"We love settlers as fans," said Gaffney. "Why? Because they are socializers. Everything they do helps everybody else in the area. They get rewards by helping other players. The more settlers in an area, the more they can build up a town and get higher tiers of things to add."
You don't have to be a settler, though, to take advantage of the runtime terrain modification. The housing system is clearly an area where Wildstar is looking to distinguish itself. "We provide housing for everybody so you get your own piece of the world to modify," Gaffney explained. "Those things devs have to change terrain — we let you do that in your house.
"You can decorate the outside of your house, you can put things on the house, on the ground. And inside, you can place things wherever you want. In your house, you can add your own style of wallpaper, floors, the trim — place whatever types of things you want here."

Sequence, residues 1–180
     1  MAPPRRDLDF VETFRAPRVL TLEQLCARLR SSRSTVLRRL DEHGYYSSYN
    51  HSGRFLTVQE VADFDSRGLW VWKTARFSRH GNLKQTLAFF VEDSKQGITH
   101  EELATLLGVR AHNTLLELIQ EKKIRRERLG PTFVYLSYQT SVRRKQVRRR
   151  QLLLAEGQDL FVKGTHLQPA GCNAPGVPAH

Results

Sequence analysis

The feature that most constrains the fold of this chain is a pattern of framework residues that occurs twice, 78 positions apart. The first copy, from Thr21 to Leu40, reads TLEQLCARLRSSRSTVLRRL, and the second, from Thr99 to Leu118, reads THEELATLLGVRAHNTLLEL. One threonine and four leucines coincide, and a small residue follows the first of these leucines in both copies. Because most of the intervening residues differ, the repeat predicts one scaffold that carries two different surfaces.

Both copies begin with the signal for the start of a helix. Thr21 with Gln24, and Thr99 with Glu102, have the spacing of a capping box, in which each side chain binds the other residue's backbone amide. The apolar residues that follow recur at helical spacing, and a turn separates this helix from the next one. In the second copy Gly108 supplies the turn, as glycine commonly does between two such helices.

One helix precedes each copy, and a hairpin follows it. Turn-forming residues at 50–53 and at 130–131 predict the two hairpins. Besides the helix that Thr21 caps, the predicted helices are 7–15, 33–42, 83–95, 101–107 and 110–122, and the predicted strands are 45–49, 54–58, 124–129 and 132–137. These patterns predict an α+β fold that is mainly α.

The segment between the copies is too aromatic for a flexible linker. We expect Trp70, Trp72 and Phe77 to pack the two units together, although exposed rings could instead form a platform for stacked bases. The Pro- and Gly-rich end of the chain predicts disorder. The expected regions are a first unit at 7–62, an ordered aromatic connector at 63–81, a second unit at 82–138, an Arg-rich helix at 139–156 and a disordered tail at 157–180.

It's not just cosmetic either. "The better you decorate, the more XP you get in the game," Gaffney added. "Decorating is fun, but it's even more fun when it's part of the progression of your character. It's not just what's inside, it's what's outside. You can modify the terrain, you can have a mine, a farm — we really want you to have a piece of the world.
"This is the deepest housing system we can make. We're trying to integrate as many systems as possible all tying it together."
Gaffney went on to explain that decorating doesn't give you actual experience points, but rather affects rest XP, something MMO players are certainly familiar with and have been a staple of more "casual" MMOs.